As I’ve written elsewhere, it’s one thing to know something is good, it’s a better thing (in my opinion) to know why it’s good and then be able to copy what’s good about it, to learn from it so you can be as good and (hopefully) better.

This time out, Natalie Babbit’s “Tuck Everlasting”.

 

 

Terry Melia’s “Tales from the Greenhills”

Let me get the obvious out of the way; Bravo, Mr. Melia. Bravo!

Let me get the obvious out of the way; Bravo, Mr. Melia. Bravo!

Now repeat that half a dozen times to get it out of my system.

I completed my third read of Tales from the Greenhills less than fifteen minutes ago. It’s going on my reread shelf.
One of my unwritten rules for realizing a book is stunning is getting to the end and wanting the story to continue, to find out what happens next to the characters (Melia says sequels are in the works. I’m holding him to that).

Another unwritten rule is having the characters sneak up on you such that you don’t realize you’re vested in their lives more than your own, that you care about them as people, not as characters in a story.

Bravo, Mr. Melia! Bravo!

 
American readers may have trouble with the language. Remember the first time you saw The Full Monty or Waking Ned Devine? You wanted subtitles for the first ten minutes until you got use to the accents? I had a similar experience reading the dialogue for the first time. I reread sentences to make sure I got the meanings correctly. Once I accepted the vernacular, I realized it was perfect.

Let me focus on that “perfect” part. Future anthropologists will pick up Tales from the Greenhills and realize they have a textbook for late 1970’s Liverpool, England, and the world. This book is so rich with cultural iconography is could be used as a time traveler’s guide to time and place.

Tales from the Greenhills is also a coming-of-age story meets Campbell’s Hero’s Journey, although I didn’t recognize this until half way through my second read and realized fully during my third read. Regarding the Hero’s Journey aspect, Melia couldn’t have done a better job of placing Le Queste de Saint Graal in modern England if he tried (don’t tell him I said that. He’ll prove me wrong and do it). It’s all there and I laughed when I finally recognized the separate characters for their Journey counterparts.

Again and again and again, Bravo, Mr. Melia! Bravo!

Do you need to read it three times to appreciate it? No, not at all. However, if you’re an author or writer-wannabe you must read this novel multiple times. Melia does an amazing job with scenes, characterization, mood, place, setting, voice, POV…I need to know this was by accident. If Melia set out to produce this rich a story, I’m going to hang up my writing shifts now, I can’t compete.

I did have the privilege of exchanging comments with Melia during my reading. His attention to detail — this is a movie or should be – think Trainspotting meets Oliver’s Travels — caused me to ask how much was imagined and how much remembered. I won’t give away his answer except that it increased my respect for both him and his work.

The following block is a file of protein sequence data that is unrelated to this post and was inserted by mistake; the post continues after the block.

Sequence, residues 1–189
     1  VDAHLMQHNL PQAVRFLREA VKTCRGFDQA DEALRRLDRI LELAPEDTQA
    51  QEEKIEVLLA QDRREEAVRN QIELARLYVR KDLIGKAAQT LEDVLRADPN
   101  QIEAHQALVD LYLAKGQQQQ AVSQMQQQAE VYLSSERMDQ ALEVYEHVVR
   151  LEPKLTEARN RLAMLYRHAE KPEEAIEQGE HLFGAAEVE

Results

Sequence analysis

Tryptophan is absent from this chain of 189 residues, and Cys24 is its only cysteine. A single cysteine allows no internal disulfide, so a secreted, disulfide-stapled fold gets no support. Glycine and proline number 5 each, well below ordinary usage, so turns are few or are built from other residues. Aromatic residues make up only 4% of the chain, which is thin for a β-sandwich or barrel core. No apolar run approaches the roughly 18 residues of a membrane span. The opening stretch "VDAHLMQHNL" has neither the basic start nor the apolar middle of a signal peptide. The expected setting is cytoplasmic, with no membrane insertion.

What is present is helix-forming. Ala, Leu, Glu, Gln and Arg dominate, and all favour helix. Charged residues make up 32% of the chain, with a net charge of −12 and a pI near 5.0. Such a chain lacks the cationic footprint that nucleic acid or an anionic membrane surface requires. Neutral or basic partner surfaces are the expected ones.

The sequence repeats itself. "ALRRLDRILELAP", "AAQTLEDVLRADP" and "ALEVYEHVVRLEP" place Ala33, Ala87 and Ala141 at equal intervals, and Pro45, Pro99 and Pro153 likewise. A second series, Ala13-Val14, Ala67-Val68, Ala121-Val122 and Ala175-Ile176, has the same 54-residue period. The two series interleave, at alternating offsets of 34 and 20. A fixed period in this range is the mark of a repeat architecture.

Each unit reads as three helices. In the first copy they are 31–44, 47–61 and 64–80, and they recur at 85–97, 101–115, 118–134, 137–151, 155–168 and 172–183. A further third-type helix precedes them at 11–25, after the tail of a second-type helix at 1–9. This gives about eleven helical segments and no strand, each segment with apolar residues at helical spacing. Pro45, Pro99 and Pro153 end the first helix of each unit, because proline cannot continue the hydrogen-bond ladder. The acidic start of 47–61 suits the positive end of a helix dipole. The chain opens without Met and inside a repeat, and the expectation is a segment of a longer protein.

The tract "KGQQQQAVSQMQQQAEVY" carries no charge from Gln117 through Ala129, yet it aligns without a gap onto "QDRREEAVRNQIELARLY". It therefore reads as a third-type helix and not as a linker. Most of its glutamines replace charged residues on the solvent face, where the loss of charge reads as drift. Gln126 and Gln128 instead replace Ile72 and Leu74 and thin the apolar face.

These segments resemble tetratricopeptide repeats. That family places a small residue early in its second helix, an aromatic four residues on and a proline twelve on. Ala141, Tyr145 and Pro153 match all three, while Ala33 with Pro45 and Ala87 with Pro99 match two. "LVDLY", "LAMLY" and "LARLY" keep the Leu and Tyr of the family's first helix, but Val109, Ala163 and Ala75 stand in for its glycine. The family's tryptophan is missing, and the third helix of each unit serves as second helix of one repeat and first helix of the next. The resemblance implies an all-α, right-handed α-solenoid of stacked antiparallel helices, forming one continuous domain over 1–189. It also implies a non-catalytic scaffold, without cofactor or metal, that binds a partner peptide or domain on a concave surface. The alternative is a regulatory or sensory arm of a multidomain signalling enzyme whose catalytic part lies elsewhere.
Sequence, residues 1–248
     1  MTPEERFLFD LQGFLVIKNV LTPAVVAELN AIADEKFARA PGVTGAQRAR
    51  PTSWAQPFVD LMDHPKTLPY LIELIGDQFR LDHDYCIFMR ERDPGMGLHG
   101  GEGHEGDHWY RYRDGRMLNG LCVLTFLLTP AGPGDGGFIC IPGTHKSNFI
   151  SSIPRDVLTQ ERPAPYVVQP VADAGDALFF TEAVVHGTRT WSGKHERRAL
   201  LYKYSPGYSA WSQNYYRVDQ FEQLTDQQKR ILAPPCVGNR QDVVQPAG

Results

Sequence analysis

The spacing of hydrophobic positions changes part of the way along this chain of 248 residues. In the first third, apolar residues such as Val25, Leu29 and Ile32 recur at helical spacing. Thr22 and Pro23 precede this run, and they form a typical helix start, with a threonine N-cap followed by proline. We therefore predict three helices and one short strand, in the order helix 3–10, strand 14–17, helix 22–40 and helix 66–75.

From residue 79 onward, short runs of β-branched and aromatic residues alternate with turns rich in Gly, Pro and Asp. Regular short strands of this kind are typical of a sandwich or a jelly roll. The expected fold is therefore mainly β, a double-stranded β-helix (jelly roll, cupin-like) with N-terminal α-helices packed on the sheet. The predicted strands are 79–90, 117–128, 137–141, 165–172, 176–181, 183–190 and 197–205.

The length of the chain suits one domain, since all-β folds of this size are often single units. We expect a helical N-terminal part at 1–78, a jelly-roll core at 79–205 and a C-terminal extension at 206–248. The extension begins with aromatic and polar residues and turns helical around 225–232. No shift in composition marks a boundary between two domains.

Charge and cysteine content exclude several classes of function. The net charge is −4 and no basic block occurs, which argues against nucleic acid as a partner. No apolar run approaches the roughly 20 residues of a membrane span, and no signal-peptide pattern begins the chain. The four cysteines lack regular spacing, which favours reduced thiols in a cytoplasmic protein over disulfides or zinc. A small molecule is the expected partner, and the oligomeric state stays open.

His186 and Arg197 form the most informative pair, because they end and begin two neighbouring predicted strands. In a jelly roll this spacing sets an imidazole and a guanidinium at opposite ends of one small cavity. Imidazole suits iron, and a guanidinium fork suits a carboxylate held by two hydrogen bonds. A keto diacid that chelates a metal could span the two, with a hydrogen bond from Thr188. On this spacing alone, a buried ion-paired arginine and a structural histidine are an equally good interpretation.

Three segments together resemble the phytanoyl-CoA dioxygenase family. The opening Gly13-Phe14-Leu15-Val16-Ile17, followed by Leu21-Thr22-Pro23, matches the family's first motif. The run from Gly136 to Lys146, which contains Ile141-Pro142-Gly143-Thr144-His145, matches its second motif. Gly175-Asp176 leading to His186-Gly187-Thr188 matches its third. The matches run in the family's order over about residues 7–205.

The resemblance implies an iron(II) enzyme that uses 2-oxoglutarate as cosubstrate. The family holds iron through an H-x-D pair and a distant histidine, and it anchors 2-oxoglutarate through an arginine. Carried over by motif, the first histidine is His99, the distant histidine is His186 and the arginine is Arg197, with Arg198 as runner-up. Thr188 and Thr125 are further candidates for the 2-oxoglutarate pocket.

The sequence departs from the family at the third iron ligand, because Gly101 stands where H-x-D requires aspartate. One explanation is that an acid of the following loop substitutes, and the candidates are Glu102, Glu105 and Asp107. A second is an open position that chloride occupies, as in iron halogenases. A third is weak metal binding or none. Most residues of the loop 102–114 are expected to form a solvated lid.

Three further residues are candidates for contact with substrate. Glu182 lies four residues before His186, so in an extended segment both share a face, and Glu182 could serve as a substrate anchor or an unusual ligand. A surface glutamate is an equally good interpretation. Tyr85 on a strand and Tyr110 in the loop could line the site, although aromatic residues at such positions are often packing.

The book is also rich in quotable lines; “the only thing money can’t buy is poverty.” If Melia lifted that — good authors borrow, great authors steal — please tell me where so I can play in the treasure.

And last note; the opening scene. The book opens literally with the aftermath of the story. Not the conclusion, the aftermath of the climax. Brilliant, brilliant, brilliant! As I learned to say in Glasgow, “Pure Dead Brilliant, Jonnie!” Get past the first chapter and the rest of the book builds moment by moment, scene by scene, to the climax. You know it’s coming — you’ve already read the aftermath — and Melia keeps notching up the tension for what you already know is going to happen.

Again, Brilliant, Brilliant, Brilliant.

Okay, the for real last note; the last three paragraphs. I read them and laughed. Oh, Mr. Melia, BRAVO!

Minor technical matters for American audiences
Editing styles in the UK differ slightly from their US counterparts. Some constructions don’t roll smoothly off the American tongue. They’re awkward, not confusing, much like I wrote above regarding dialogue.

I took them as an opportunity to increase my understanding of contemporary British literature and hope I’m a better all-around reader for it.

Great Opening Lines – and Why! (Nov 2019’s Great Opening Lines)

A powerful opening line that leads to an amazingly weak novel

I wrote in Great Opening Lines – and Why! (Part 3 – Some Great Opening Lines) that I’d share more great opening lines as I found them.

“She sleeps beside me, her narrow chest rising and falling, and already I miss her.” – Kristen Harmel’s The Room on Rue AmÈlie
I challenge anyone to read that line and hear anything but a whisper. If not a full whisper, a quiet voice, a voice not wanting to disturb. I further challenge anyone to read that line and not feel an ache. You know something’s going to happen and it’s going to change the narrator’s world completely. Can you read that line and not have a sense of illness? The narrow chest rising and falling followed by already I miss her?

Amazing emotional power in fifteen words, to me. I need to know Harmel worked hard at that opening line. If it just came to her, I should quit the writing business.

Unfortunately, the rest of the novel doesn’t live up to that opening line. By chapter 3 the strong narrative voice is lost, the storycrafting weakens, and the reader is left wondering what happened to the author of the first two chapters. Certainly they left and let someone else take over the writing of the book. There are sparks of the original brilliance here and there, but nothing like the evocative power of that great opening line and the first two chapters.
Continue reading “Great Opening Lines – and Why! (Nov 2019’s Great Opening Lines)”